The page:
Jordan’s Human Torch and Representation: Multicultural Casting vs Color-Blind Casting

Michael B. Jordan will play Fantastic Four's Human Torch aka Johnny StormA new report that Michael B. Jordan will be playing Johnny Storm, aka the Human Torch,  in Fox’s upcoming Fantastic Four reboot has once again sparked heated debate. Many are praising the color-blind casting choice as a sign of progress, while others espouse racism under the guise of upholding the ever-sacred source material (which is itself a product of 1950’s racism).

I’m not going to bother directly addressing all the racist arguments because they’ve already been discussed and discredited ad nauseam. (If you need that discussion, allow me to recommend starting with The 5 Most Insulting Defenses of Nerd Racism.)

However, I would like to take this opportunity to discuss the alleged progressiveness of color-blind casting. Is color-blind casting inherently a form of positive representation?

No, not inherently.

Representation Matters

This is a given. If you’ve read my blog or heard me speak then you know that I’m a strong proponent of greater representation for women, people of color, and LGBTQ individuals in media. However, I’m not just fighting for greater representation but also better representation.

Not every depiction is created equal and to blindly assign a character’s race can be very hazardous.

To explain, let’s look at a couple other examples of color-blind casting from other Marvel movies: Kerry Washington as Alicia Masters in Fantastic Four and Fantastic 4: Rise of the Silver Surfer and Micheal Clark Duncan as Daredevil‘s Kingpin.

Washington’s Alicia Masters vs Duncan’s Kingpin

Alicia Masters is a kind, talented, intelligent, capable, and independent woman. None of these defining qualities are associated with any racial stereotypes and her cultural identity is not an integral part of her character.

This combination makes Alicia a perfect candidate for color-blind casting. (Washington’s casting as Alicia was one of the very few things those movies got right.)

In stark contrast to Washington’s Alicia, we have Duncan’s Kingpin.

Kerry Washington in Fantastic Four: Rise of the Silver Surfer vs Michael Clarke Duncan in Daredevil

Duncan did a fine job with the role (probably as good as anyone could have done under the circumstances) but with his casting, Kingpin suddenly became one big nasty stereotype.

The Kingpin is a big, scary, money-grubbing criminal. With Duncan in the role, Kingpin became a big, scary, money-grubbing Black criminal. This problem was compounded by his character being the only Black character in the movie. (The director’s cut included a subplot involving a Black drug addict played by Coolio, so we were almost treated to two horrible Black stereotypes.)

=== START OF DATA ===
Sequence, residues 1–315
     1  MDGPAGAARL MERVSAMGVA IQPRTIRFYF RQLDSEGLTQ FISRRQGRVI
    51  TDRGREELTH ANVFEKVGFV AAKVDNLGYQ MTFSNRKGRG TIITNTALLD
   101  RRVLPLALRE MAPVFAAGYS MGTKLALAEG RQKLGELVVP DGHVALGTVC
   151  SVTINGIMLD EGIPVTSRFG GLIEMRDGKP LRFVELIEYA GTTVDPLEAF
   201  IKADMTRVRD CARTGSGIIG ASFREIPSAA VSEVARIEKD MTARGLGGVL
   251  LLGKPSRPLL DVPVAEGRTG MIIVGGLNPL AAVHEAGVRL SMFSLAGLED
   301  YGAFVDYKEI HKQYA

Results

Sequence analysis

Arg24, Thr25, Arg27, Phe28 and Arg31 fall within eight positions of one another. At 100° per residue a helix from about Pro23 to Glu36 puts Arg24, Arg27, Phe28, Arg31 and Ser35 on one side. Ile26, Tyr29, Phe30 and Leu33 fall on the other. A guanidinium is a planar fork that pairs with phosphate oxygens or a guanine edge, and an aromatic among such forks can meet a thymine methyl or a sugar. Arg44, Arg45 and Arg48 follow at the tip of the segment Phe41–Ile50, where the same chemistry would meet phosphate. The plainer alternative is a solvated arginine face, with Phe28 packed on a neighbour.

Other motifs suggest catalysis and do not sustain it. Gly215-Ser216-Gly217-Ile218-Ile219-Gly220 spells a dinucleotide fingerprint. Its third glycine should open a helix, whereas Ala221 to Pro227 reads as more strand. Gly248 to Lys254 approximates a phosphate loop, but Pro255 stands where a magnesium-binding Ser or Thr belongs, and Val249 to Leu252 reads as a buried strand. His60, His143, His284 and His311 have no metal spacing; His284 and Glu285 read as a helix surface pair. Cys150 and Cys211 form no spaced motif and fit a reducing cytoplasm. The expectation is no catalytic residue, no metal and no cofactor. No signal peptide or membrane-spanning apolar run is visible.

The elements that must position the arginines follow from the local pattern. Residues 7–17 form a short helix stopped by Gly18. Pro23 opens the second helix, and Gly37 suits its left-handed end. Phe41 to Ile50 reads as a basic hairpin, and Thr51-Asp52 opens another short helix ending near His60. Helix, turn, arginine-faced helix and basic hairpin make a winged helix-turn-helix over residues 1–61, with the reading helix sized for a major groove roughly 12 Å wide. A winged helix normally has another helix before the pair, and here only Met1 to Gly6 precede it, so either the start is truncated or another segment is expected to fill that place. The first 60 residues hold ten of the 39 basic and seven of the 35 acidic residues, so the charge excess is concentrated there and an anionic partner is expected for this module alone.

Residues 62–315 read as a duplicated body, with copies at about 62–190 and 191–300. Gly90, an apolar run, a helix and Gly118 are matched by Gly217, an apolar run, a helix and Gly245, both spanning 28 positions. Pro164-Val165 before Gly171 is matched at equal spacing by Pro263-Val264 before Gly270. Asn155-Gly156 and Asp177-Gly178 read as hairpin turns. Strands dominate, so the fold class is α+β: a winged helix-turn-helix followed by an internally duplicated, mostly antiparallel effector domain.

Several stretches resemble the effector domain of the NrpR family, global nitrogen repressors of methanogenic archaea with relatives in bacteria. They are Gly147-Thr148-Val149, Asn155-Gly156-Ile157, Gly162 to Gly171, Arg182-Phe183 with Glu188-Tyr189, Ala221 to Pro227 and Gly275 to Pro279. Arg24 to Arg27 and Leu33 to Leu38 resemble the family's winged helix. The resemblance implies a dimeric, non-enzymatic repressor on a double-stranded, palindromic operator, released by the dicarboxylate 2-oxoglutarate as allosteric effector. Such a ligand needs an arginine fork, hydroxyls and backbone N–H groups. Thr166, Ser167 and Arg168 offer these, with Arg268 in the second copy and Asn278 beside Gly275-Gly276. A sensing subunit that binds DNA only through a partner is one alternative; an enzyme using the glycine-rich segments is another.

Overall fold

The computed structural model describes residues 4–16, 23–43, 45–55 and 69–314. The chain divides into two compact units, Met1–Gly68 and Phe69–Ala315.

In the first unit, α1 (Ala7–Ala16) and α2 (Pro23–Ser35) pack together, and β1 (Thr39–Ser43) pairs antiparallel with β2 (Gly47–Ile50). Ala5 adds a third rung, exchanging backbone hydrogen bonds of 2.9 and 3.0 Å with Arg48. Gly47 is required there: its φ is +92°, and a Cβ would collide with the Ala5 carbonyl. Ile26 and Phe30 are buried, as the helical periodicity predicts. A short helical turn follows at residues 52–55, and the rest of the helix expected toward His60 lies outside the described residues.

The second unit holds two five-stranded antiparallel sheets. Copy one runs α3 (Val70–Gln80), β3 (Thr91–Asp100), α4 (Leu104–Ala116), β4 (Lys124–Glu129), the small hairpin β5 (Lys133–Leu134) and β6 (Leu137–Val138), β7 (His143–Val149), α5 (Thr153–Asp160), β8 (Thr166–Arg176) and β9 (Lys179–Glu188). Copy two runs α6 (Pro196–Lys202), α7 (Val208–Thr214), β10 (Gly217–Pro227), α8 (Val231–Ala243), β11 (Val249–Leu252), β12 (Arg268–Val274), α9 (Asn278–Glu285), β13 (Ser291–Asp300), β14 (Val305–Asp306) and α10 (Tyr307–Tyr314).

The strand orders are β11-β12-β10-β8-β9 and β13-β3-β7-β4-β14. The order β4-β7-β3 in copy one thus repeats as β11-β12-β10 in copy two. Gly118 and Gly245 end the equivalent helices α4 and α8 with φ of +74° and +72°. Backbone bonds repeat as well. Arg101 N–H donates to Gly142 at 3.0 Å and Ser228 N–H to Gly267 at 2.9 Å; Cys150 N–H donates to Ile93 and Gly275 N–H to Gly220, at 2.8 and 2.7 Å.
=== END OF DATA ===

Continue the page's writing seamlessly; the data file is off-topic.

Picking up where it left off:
That’s the problem with “color-blind casting.” Just because the casting director “didn’t see” the actor’s race doesn’t mean that the audience won’t (or that the audience shouldn’t).

That’s not to say Kingpin’s role needed to be off-limits to Black actors. Duncan’s Kingpin could have been amazing if handled carefully and with respect. The filmmakers could have cast a heroic Black character to help offset Duncan’s Kingpin. Or they could have not introduced the only Black character to “Lapdance” (one of only two hip-hop songs from the soundtrack).

Seriously…

But these would need to be deliberate changes made consciously to accommodate the casting choice and avoid harmful stereotypes.

Multicultural Casting vs Color-Blind Casting

The term “color-blind casting” implies a total disregard for and a willful ignorance of a character’s race. Ignoring a character’s race makes it impossible to avoid (or even acknowledge) problematic stereotypes and it negates the character’s racial experiences.

What I’m calling for is multicultural casting. I want casting that recognizes and values the differences in people’s cultures and experiences.

A character’s race shouldn’t be assigned blindly.

Jordan’s Johnny Storm

So where does that leave Jordan’s Human Torch?

Fantastic Four's Human Torch is an ass

It’s already been pointed out that “it’s a little cliché to cast a Black man as the team’s swaggering hothead” but the potentially problematic nature of Johnny’s color-blinding casting runs much deeper than that.